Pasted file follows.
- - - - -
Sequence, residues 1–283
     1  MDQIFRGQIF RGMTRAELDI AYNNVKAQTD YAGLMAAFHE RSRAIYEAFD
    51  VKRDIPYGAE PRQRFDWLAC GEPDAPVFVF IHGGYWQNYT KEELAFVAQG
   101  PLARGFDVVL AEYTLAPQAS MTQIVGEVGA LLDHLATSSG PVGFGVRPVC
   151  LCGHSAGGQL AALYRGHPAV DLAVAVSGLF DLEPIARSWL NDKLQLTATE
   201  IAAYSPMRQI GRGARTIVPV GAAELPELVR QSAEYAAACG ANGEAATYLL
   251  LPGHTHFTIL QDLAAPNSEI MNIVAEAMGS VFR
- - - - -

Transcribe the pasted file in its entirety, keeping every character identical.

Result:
Sequence, residues 1–283
     1  MDQIFRGQIF RGMTRAELDI AYNNVKAQTD YAGLMAAFHE RSRAIYEAFD
    51  VKRDIPYGAE PRQRFDWLAC GEPDAPVFVF IHGGYWQNYT KEELAFVAQG
   101  PLARGFDVVL AEYTLAPQAS MTQIVGEVGA LLDHLATSSG PVGFGVRPVC
   151  LCGHSAGGQL AALYRGHPAV DLAVAVSGLF DLEPIARSWL NDKLQLTATE
   201  IAAYSPMRQI GRGARTIVPV GAAELPELVR QSAEYAAACG ANGEAATYLL
   251  LPGHTHFTIL QDLAAPNSEI MNIVAEAMGS VFR